Drilling & Fracturing
Water Use in the Barnett Shale
While the positive economic impact of the Barnett Shale on North Texas is becoming clear--thousands of new jobs and billions of dollars injected into the economy, insulating North Texas from the national economic downturn--there are also many questions.
One is the use of water for drilling in the Barnett Shale.
Know this: Best practices in the energy industry promote the economical use of fresh water -– not only because it is a precious natural resource, but also because it is costly. There is no question that gas drilling does requires what appears to be significant amounts of water. However, the Tarrant Regional Water District has reported that use of water by the natural gas drilling industry has been running less than 2% of total water used in the region.
The Barnett Shale formation is so dense and impermeable that hydraulic fracturing (or “fracing”) is the only economic means of developing the reserves. Hydraulic fracing means pumping large amounts of fresh water into a well with enough pressure to create artificial fractures in the dense rock, thereby liberating the natural gas trapped inside.
You may wonder: why use fresh water for this purpose? Why not re-use water, or use the saline water that is so abundant deep underground? The reason is because saltwater corrodes wells and drilling equipment and it isn’t compatible with the additives that are used in the drilling and fracturing operations. It is also less environmentally friendly when storing and handling on the surface.
The energy industry and Texas A&M researchers are studying techniques for recycling wastewater for use in frac operations as well as other applications. There are two stages to recycling wastewater: the first and easiest stage is to filter out shale cuttings and other suspended materials. The second, more difficult stage, where research and development are underway, involves getting rid of dissolved materials in the water, such as salt and leftover chemicals, through a distillation or membrane treatment.
According to David Burnett, a professor at Texas A&M’s Global Petroleum Research Institute, industry has an incentive to recycle more water used because of the expense and impact of hauling it to off-site disposal locations.
Devon Energy Corporation is a forerunner in this area, and is using distillation technology to recycle water produced at several drilling sites in its Barnett operations. Each of its four recycling sites treats 200,000 gallons of water per day. The typical gas well operated by any company can require between 3 million to 4 million gallons of water for fracturing operations, so recycling technology currently makes a modest dent in the overall amount of freshwater being used.
According to Professor Burnett at Texas A&M, in the very near future it will be possible for companies to recycle about a third of the water used in natural gas operations. In another two or three years, he believes, about 50 percent of the wastewater will be recyclable due to advances in the technology. But even then, he says, we will be left with the challenge of getting rid of roughly half of the hyper-saline wastewater.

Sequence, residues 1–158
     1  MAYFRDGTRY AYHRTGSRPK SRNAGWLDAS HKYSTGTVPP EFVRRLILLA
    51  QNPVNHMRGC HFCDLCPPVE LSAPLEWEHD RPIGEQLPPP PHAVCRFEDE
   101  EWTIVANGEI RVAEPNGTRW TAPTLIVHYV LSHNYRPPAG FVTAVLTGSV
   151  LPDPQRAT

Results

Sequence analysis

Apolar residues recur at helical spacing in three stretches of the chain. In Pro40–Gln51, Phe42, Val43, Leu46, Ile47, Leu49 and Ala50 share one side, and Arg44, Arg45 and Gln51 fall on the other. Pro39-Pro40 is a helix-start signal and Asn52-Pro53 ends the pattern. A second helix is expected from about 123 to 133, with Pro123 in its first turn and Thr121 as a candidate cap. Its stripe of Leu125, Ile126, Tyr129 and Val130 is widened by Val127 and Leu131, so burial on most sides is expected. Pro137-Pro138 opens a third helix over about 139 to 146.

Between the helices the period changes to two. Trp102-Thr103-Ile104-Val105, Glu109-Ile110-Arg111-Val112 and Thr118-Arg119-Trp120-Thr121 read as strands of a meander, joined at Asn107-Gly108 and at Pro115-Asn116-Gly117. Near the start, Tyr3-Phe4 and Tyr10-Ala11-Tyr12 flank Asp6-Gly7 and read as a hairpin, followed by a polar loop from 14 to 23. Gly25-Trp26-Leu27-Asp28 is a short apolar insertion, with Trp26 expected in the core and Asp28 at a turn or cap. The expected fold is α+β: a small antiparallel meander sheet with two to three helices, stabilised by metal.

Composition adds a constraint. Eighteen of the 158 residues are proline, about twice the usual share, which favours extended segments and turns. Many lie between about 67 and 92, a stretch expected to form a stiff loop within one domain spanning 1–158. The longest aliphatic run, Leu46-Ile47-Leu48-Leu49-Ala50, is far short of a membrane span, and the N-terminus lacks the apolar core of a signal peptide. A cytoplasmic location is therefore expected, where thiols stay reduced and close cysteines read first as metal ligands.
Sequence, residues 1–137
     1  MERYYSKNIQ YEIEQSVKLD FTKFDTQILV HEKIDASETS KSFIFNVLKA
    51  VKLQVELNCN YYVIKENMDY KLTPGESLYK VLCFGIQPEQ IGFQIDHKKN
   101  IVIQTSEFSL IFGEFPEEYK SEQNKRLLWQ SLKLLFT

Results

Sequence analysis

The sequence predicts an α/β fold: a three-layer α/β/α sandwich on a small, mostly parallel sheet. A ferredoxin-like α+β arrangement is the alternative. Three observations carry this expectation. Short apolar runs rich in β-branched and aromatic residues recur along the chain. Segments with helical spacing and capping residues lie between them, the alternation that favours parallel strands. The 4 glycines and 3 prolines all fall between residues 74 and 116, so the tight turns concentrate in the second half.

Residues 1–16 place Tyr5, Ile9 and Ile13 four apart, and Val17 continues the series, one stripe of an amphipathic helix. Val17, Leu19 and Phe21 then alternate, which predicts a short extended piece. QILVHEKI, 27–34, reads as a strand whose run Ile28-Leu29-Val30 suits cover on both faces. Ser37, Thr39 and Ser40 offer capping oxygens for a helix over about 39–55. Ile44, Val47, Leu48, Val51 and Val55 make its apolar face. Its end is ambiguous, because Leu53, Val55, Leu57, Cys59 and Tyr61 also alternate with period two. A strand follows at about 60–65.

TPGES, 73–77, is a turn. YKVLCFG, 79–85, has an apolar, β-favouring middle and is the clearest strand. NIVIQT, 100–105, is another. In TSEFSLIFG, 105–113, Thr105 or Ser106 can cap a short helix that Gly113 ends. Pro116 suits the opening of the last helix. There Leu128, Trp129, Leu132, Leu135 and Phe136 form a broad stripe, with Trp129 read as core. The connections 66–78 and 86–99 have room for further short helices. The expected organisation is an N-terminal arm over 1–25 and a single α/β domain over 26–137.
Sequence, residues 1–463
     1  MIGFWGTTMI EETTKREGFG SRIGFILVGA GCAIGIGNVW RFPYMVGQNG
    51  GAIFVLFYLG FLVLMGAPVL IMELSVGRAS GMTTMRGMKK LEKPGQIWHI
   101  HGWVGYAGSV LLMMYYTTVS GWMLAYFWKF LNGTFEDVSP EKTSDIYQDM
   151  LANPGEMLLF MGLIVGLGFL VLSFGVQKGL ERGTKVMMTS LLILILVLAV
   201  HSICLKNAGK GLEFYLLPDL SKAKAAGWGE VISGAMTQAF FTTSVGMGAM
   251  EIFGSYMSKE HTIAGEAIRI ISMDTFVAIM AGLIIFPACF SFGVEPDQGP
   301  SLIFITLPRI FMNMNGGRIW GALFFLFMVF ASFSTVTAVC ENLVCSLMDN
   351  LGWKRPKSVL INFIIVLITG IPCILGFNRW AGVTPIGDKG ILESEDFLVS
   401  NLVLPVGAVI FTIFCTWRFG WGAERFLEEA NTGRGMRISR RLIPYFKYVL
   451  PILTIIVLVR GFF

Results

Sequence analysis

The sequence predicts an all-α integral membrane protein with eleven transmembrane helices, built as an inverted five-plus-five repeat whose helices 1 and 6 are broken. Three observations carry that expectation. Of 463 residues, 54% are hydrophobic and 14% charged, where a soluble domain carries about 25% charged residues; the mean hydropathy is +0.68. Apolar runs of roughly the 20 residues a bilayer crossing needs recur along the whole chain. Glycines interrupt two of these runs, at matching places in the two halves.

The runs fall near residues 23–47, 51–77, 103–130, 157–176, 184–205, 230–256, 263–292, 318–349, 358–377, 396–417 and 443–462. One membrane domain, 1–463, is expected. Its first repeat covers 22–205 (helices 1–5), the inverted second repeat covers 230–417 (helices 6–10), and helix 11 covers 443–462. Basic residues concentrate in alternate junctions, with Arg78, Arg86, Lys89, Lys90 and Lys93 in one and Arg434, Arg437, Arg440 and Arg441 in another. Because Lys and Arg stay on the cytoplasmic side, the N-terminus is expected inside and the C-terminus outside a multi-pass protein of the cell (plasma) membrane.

In the meantime, the typical method for getting rid of wastewater is to pump it back into the earth from which it came by using high-pressure injection wells. Currently the city of Fort Worth is studying whether to lift its moratorium on such injection wells, but in rural areas within the Barnett Shale, saltwater injection wells are the most common method for disposing of production water.
According to Burnett, the environmental risks of such saltwater injection wells are “more perceived, than real.” The Railroad Commission of Texas and energy companies are designing such disposal wells to be dug so deep that they are far beneath the fresh groundwater supplies used by the public for drinking and other uses.
“Disposal well operations are inherently safe” when they are monitored and operated according to permit, Burnett says. A very small risk exists where there may be an old, improperly abandoned well deep underground and no public record to reveal its location. In these very rare instances it is possible for wastewater to leak into the fresh groundwater supply until the situation is quickly discovered and corrected.
“Industry is aware of the adverse impact and is working to cut down on it, but it’s going to take a while,” he says.
The best solution is for localities to centralize their injection well disposal operations in industrial areas so that the operations can run 24 hours a day with minimum disruption to nearby communities.
Ed Ireland, Ph.D. is executive director of the Barnett Shale Energy Education Council, a consortium of 11 of the leading energy companies operating in the Barnett Shale that are dedicated to promoting energy education and best practices as it relates to oil and gas leasing, drilling, production, transportation and marketing in the Barnett Shale.